‘The Crucible’ captivates audiences with emotion

‘The Crucible’ captivates audiences with emotion

By Cailey Hollen, Contributing Writer

Vampires, werewolves, and witches – oh my! With Halloween finally upon us, the country is alight with ghoulish delight. Decorations fill the yards, scary movies dominate the television channels, and children eagerly await the arrival of Halloween night. Bowls of candy have been set out in anticipation of little ghouls and goblins, and the little witches and wizards are ready to recite their infamous spell, “Trick or treat!” In this day and age, witches are seen as supernatural beings of fun and adventure. However, for the Salem villagers of Arthur Miller’s “The Crucible,” the thought of witchcraft is far more dangerous and life-threatening.

Written in 1952 as an allegory for the Joseph McCarthy anti-communist pursuits, “The Crucible” follows the lives of the Salem villagers and the trials they, quite literally, face. A single accusation of witchcraft sets the town a-frenzy, and no one, not even the men, are safe from the wrath brought on by Abigail Williams and her friends.

In the very first scene, the audience watches as young women dash across the stage, blundering through a dark forest, until they gather beneath the chilling wails of Naeema Butt’s Tituba. Clothed in a dress of the brightest red, Tituba stands before a lone cauldron; surrounding her are the seven young women seen running across the stage, and in the background, a soft tribal beat drums. Dimmed lights cast shadows across the stage, and as the sound of the tribal drums rose to a crescendo, the village girls throw themselves into a circle of wild dance. The play had only just begun, and already, I was able to tell that it was going to be much darker than I had originally expected.

The following scenes commence, and with each line that is recited the play dives deeper and deeper into the dark tones I saw at the beginning. In the midst of the exchanges, the audience learns that Abigail Williams, portrayed by Margaret Dillon, has an ulterior motive to her accusations that completely changes the game. Secret meetings between Abigail and John Proctor, played by Jaccob Trifonoff, illuminate an affair between them that has recently ended. While John Proctor makes it clear that he is ready to leave the affair in the past, Abigail is not too willing to let go. Dillon brings Abigail’s obsession with John Proctor to life and shines in the manipulation of the court officials.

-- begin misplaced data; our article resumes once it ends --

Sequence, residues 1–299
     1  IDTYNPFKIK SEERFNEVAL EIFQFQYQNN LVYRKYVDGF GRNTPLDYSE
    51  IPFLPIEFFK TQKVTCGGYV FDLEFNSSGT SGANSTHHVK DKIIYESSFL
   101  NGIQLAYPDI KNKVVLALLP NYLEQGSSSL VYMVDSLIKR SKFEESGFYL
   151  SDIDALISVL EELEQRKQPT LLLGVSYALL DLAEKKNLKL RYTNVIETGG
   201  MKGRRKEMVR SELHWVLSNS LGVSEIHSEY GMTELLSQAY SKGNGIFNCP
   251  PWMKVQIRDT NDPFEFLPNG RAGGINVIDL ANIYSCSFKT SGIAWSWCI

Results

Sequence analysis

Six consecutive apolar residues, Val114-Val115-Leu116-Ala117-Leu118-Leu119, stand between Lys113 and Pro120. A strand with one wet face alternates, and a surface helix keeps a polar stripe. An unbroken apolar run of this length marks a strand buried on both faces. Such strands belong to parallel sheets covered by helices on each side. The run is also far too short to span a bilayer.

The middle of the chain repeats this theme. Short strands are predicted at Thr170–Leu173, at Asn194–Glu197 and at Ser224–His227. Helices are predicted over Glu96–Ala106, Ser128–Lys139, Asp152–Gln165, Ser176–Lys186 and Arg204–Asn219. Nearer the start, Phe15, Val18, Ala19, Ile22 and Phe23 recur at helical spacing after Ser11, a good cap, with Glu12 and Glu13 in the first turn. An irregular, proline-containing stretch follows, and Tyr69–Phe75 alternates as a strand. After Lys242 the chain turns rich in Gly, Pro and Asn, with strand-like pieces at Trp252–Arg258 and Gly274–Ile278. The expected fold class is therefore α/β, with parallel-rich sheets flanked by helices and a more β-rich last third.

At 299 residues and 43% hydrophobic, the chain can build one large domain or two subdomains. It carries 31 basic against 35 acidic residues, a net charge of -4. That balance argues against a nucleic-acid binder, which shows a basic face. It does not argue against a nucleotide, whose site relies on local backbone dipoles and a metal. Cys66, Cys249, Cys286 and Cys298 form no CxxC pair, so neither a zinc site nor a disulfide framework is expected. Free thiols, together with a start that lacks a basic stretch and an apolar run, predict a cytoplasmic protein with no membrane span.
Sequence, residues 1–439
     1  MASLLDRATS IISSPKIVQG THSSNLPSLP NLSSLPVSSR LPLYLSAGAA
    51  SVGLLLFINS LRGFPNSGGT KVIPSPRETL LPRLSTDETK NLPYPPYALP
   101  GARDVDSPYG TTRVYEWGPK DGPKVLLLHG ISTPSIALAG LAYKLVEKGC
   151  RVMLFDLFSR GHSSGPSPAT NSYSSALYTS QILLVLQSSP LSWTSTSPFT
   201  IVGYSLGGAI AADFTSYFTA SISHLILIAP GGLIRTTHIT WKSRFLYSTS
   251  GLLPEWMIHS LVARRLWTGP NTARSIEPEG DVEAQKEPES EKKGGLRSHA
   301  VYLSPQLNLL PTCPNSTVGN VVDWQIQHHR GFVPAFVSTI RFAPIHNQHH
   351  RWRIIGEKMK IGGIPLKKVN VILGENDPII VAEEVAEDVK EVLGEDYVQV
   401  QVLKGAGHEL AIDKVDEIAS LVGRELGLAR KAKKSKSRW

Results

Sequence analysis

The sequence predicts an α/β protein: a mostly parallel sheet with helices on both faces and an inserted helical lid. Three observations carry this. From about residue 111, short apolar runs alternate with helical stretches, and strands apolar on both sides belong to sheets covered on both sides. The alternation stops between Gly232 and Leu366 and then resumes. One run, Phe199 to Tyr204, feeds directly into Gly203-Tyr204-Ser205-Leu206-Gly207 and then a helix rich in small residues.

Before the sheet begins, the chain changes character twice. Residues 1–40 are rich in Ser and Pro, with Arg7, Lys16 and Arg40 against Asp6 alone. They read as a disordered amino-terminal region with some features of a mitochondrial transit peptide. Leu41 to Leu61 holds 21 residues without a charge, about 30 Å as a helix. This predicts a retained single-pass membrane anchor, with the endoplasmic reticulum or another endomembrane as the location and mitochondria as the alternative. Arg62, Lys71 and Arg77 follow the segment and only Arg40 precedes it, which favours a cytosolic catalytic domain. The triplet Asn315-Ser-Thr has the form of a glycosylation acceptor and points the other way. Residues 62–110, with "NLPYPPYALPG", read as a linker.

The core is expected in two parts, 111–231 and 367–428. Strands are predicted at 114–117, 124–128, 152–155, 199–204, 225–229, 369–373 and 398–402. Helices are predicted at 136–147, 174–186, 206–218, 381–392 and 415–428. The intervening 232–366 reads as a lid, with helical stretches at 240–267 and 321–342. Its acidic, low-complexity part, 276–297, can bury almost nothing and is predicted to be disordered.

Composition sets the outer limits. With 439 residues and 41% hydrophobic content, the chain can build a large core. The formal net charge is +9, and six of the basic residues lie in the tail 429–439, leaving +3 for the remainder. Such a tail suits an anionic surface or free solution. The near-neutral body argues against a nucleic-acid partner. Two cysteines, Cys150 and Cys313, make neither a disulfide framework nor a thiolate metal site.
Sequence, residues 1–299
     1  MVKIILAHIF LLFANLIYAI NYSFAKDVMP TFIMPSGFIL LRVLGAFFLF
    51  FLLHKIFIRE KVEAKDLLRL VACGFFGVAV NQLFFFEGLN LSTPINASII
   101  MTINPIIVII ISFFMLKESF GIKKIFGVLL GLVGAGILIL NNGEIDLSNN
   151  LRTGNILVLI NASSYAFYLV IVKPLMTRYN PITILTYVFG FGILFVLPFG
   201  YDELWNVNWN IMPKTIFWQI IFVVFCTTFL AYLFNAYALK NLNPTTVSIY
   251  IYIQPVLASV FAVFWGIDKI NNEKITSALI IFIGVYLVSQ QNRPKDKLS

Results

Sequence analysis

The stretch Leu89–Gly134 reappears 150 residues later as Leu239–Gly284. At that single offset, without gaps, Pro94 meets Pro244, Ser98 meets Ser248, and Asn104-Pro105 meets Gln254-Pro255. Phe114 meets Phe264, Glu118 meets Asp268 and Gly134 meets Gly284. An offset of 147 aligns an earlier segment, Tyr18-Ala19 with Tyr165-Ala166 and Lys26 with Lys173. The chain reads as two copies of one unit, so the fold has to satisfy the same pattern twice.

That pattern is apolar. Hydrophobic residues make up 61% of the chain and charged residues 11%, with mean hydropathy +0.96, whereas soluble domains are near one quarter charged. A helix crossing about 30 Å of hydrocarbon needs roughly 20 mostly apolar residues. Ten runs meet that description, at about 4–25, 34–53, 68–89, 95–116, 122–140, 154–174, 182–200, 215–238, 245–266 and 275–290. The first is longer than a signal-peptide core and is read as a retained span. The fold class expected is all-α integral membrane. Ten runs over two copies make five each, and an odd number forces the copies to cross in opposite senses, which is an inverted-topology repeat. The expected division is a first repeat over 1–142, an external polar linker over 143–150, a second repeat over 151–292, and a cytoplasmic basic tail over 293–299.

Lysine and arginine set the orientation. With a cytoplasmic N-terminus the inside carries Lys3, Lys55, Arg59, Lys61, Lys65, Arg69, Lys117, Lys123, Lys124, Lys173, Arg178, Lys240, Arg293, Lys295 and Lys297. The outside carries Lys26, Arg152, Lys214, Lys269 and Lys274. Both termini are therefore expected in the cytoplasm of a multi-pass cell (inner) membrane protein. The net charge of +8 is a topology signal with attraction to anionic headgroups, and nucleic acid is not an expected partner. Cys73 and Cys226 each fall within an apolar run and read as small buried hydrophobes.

Yet, where Dillon shines as the unsatisfied lover, Meaghan Macey is captivating in her role of Elizabeth Proctor. When I first learned of Elizabeth Proctor, I never expected her to be such a major character, but as the plot unfolded and her appearance in scenes became more frequent, I found myself invested in her character. Act 1, Scene 3 places a majority of the scene’s focus on the Proctors and the tragedy that has become their marriage. It is throughout this scene that I was able to witness a strained tenderness between husband and wife. Macey portrays Elizabeth’s hurt over her husband’s infidelity beautifully, and while the character has been described as weak and sickly, Macey brings Elizabeth’s inner strength to life.

Jaccob Trifonoff portrays Elizabeth’s husband, John Proctor, and by the second scene of Act 1, it is clear that he is a major character. As Michael Aulick described in the playbill’s ‘Note from the Director,’ “John Proctor is no romantic hero; he is an ordinary man who finally finds his own moral center.”

Throughout the play, I was able to witness this statement come to life. While Proctor may not be a romantic hero, he is admirable for the boldness and courage he demonstrates when standing against Parris and Putnam as well as the ferocity which he uses when resisting the arrest of his wife. Trifonoff captures each emotion and brings it to life – especially when it comes time for his confession.

The emotion poured into Proctor’s exclamation, “I have given you my soul; leave me my name,” is overwhelming, and while it is the line that ultimately sends Proctor to his death, Trifonoff allows the line to linger, passionately and hauntingly, as his silhouette sways against the violent red of the backdrop.

Beautifully produced with excellent casting, “The Crucible” was more than a perfect fit for the holiday season. In addition to highlighting the everyday occurrence of sin, repentance, and forgiveness, “The Crucible” is a play that highlights just how damaging a single accusation can be. A perfect ending to the month of October, “The Crucible” is a play I would highly recommend and gladly see again.

 

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